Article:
Lawsuit claims AMD lied about the number of cores in its chips

Discussion in 'AMD x86 CPUs and chipsets' started by mixsetup, Nov 10, 2015.

  1. mixsetup

    mixsetup Member

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  2. zero_velocity

    zero_velocity Member

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    I thought their marketing team clarified perfectly well exactly what a 'core' is to them... problem is, intel have coined hyperthreading, and people refer to these as '8 cores' (lamens) and if anyone should be held responsible for the mis-clarification its salesmen. The few times I've ventured into HN, Domain etc, the reps would always push the '8 cores' from an AMD CPU, but wouldn't clarify what a 'core' is.

    SO basically, AMD uses its own terms for its CPU's architecture, with an abundance of information clarifying what it is online, countless reviews etc... and consumers fail to do any research on it...

    Seeing as AMD didnt even try and hide anything, and were very open about what their product is, I feel this will fall flat on its face...
     
  3. itsmydamnation

    itsmydamnation Member

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    except they wont be... pro tip, look at rock, i386 etc a "core" doesn't mean anyone thing. its a collection of units that does stuff in various ways. All cores on a soc share something at some point, voltage rails, cache, memory controller etc.
     
  4. partybear

    partybear Member

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    This is stupid in heaps of ways and shouldn't even be allowed in court, but the worst part is the guy who filed the lawsuit will probably get millions of dollars.
     
  5. Thrawn

    Thrawn Member

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    It was AMD who first introduced multi-core CPUs (Opteron and Athlon 64 X2 lines)... before then, the term "core" didn't really exist in the computer world. Certainly it was a non-existent concept in the consumer market.

    Back then you can have multi-processor systems or "Dual CPUs", but the concept of "core" didn't exist. The very first products that is marketed as cores had dedicated FPUs. And every processor in the consumer market since then have dedicated cores that never shared compute resources. Until Bulldozer came along...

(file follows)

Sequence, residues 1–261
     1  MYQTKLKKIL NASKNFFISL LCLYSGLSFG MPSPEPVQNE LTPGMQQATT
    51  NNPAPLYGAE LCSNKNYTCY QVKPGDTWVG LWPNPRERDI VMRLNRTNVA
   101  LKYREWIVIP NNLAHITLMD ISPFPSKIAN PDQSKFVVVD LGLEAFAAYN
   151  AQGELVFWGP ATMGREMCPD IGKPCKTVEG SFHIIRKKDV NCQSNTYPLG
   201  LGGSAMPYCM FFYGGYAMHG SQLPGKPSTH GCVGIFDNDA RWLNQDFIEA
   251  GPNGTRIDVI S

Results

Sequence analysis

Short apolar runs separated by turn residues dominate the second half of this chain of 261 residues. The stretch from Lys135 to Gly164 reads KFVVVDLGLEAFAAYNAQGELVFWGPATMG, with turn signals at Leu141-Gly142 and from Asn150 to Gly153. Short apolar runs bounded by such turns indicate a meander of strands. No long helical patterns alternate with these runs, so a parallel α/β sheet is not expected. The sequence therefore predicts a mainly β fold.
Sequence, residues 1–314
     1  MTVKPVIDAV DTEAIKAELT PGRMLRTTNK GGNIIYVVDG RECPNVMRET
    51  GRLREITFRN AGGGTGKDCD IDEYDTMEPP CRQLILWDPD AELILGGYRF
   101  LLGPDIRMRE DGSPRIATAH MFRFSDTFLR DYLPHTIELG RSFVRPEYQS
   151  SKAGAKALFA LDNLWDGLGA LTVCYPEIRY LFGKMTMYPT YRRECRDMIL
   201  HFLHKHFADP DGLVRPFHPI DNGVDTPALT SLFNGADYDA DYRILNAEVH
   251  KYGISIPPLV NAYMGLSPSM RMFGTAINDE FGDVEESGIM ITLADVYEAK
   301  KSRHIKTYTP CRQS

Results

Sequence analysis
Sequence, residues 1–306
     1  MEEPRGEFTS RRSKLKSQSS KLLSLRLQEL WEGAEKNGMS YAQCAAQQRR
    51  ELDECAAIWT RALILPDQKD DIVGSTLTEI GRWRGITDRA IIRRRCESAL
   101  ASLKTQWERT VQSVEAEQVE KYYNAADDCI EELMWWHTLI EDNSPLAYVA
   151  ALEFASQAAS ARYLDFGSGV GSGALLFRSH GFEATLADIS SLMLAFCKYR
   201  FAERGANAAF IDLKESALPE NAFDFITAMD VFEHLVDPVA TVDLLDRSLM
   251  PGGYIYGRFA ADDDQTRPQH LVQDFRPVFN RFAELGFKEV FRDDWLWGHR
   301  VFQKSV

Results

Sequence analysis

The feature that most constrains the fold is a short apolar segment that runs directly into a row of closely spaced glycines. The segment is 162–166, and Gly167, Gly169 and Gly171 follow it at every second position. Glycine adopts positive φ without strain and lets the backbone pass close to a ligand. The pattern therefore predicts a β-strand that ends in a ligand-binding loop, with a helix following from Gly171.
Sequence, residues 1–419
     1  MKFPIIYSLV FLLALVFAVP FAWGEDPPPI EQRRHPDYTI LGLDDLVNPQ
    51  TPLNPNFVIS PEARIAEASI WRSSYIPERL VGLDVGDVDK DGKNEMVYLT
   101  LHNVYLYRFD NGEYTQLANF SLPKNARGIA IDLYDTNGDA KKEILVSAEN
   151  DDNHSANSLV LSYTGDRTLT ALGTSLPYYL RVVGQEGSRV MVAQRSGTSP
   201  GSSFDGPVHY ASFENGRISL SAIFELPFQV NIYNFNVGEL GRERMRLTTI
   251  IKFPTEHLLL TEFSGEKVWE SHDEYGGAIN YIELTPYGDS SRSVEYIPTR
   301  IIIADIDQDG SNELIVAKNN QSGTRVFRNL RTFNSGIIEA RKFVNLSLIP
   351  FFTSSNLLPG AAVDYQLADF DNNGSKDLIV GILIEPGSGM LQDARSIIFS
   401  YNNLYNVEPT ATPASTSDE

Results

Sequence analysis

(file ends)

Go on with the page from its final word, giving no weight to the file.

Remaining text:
Personally, I'm partial to the concept that the definition of cores should have dedicated compute resources. So 2-core indicates that the 2nd core is the same as the 1st. Its simple.

    Edit: On another point, the reason Bulldozer sucks has pretty much nothing to do with its shared "FPU". The FPU isn't even shared... each core is capable of executing its own standard FPU instructions. The difference is that newer 256-bit AVX instructions reuses both FPU so the cores in the module had to share. AVX was first introduced in Bulldozer and Sandybridge, so its not like previous AMD CPUs had dedicated AVX functions either.

    AVX application is fairly scarce and generally have minimal impact.. so it pretty much has nothing to do with Bulldozer woes. The issue is basically in order for AMD to cram so many cores in, it reduced the compute resources of each core. So its sort of like if Intel made an 8-core Atom. Thats why it had poor single-thread performance.
     
    Last edited: Nov 10, 2015
  6. OP
    OP
    mixsetup

    mixsetup Member

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    Will depend on how much the courts know about the technology I suppose.
     
  7. Thrawn

    Thrawn Member

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    I didn't say x86 market.. I said consumer market.

    The courts would look at terminology based on individual markets.

    Edit: what happened the comment I was replying to..
     
    Last edited: Nov 10, 2015
  8. philscomputerlab

    philscomputerlab Member

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    If I remember they called them modules, right?

    But that got thrown out the window at some point, and now we have hexa- and octa cores :D
     
  9. Thrawn

    Thrawn Member

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    [​IMG]

    Retail boxed FX-8150. "8-core" in every side. Even has a prominent statement "World's first 8-core desktop processor".
     
  10. philscomputerlab

    philscomputerlab Member

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    And then you go into the BIOS, disable all, but 1 core, and are still left with 2 :D
     
  11. MUTMAN

    MUTMAN Member

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    I wonder if they will argue that once upon a time the math co-processor was external to the "core" and is the bit that is now shared.
    so logically the 8 "core" is still correct, just that it has 4 co-processor shared on the same silicon.